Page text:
Monday, January 30, 2012
#98 3 Wheels on My Wagon (May 2010)
This issue I decided to try and change the way some of you feel about the much-maligned (in this country) custom trike. In the USA, when you think of a trike, the first thing that pops into most minds is the vision of the Lehman® type of setup, the big bike with lots of plastic, huge chrome wheels and the geriatric pilot. Other companies, such as Boss Hoss®, have even bigger and uglier versions with excessive chrome and width that hasn’t really been cool since the 1959 Cadillac lineup. Together with that, and the poor man’s version -- the “training wheels” setup -- it’s easy to see how the average chopper jockey (if such an animal exists) would be totally turned off by these behemoths, relegating them to the very old or infirm that cannot ride a ‘normal’ two wheeler any longer.
But it was not always this way. In Europe, the custom trike was, and still appears to be, an accepted member of the chopper family. I’m sure most of you remember the trike that Russell Mitchell built for the “Biker Build Off” Discovery channel series. Yes, it’s huge, but it retains a lot of the coolness factor of the European designs. When Russell made the rear end available for sale, USA sales were pretty low, while the exports to Europe went well.
What makes the euro versions different? Well, just as the USA versions all look like someone took a servi-car and pumped it up to twice the size, the euro trike has always been a stripped-down, bare minimum chopper. Usually it’s a converted car rear end, solidly mounted to a regular bike front frame loop with the minimum of fluff behind the drivers seat... no huge boxes and the like. Also, as can be relied on with the Euro scene, it’s certainly not limited to V-Twin style power plants. You’re just as likely to see a Japanese 4 out front as any other type.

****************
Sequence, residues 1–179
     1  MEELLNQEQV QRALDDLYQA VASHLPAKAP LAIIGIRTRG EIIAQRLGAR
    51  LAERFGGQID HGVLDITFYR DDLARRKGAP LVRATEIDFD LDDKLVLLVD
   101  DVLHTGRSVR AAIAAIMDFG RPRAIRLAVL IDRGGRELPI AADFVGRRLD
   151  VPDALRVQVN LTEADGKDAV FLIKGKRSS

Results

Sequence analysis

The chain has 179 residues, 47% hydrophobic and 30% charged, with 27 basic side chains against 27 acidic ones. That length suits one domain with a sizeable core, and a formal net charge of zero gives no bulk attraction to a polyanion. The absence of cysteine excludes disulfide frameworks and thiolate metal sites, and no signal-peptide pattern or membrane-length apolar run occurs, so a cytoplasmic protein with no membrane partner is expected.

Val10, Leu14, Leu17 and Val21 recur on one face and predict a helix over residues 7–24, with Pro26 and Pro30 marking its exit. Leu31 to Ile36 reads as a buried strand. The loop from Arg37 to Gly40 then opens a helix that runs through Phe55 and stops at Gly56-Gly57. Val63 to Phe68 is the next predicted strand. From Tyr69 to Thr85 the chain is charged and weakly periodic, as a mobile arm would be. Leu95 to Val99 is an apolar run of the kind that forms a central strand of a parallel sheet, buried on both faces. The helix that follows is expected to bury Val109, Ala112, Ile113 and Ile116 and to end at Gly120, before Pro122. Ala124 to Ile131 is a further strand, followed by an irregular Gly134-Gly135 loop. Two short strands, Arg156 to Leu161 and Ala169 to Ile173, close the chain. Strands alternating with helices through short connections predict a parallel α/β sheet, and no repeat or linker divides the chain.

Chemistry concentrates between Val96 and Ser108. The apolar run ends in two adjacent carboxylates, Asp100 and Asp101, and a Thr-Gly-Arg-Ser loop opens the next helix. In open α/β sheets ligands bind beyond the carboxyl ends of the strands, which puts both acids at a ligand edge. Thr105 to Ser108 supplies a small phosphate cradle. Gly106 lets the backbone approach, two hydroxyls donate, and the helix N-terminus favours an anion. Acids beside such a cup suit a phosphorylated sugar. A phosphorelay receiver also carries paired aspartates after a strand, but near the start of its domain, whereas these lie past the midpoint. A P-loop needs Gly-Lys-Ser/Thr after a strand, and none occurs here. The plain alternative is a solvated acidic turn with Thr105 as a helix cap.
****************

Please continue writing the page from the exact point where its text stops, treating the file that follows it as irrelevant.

Back when I was riding my five year old Triumph T160 around, a friend constructed a cool little Triumph trike using a 3TA (350cc twin) powerplant. The little engine had a problem with the bikes mass, so a 5TA (500cc) top end was added, and it did fine after that. Something that can’t be gotten away from is the fact that they are totally different to ride. You have to physically turn the bars to steer, and the whole feeling of flying that you would normally get from riding a wellsorted motorcycle is just not there. That doesn’t mean they can’t be fun though, just different. Recently, there has been a lot of talk about trikes that “lean” as you turn. I’m not sure if anyone remembers the Ariel 3, a 50cc “moped” brought out by BSA in 1970… same concept… strange execution. It’s March as I write this, and I’ve just returned from Daytona after attending the Willies Tropical Tattoo bike show that we co-sponsor down there. I was happy to see a stripped-down trike entered there. Look for a feature to appear soon in these hallowed pages.
All I’m asking is for you to keep an open mind on the subject. Trikes aren’t just for the old and crippled. You may even get to like them some… if we see some of the right kind.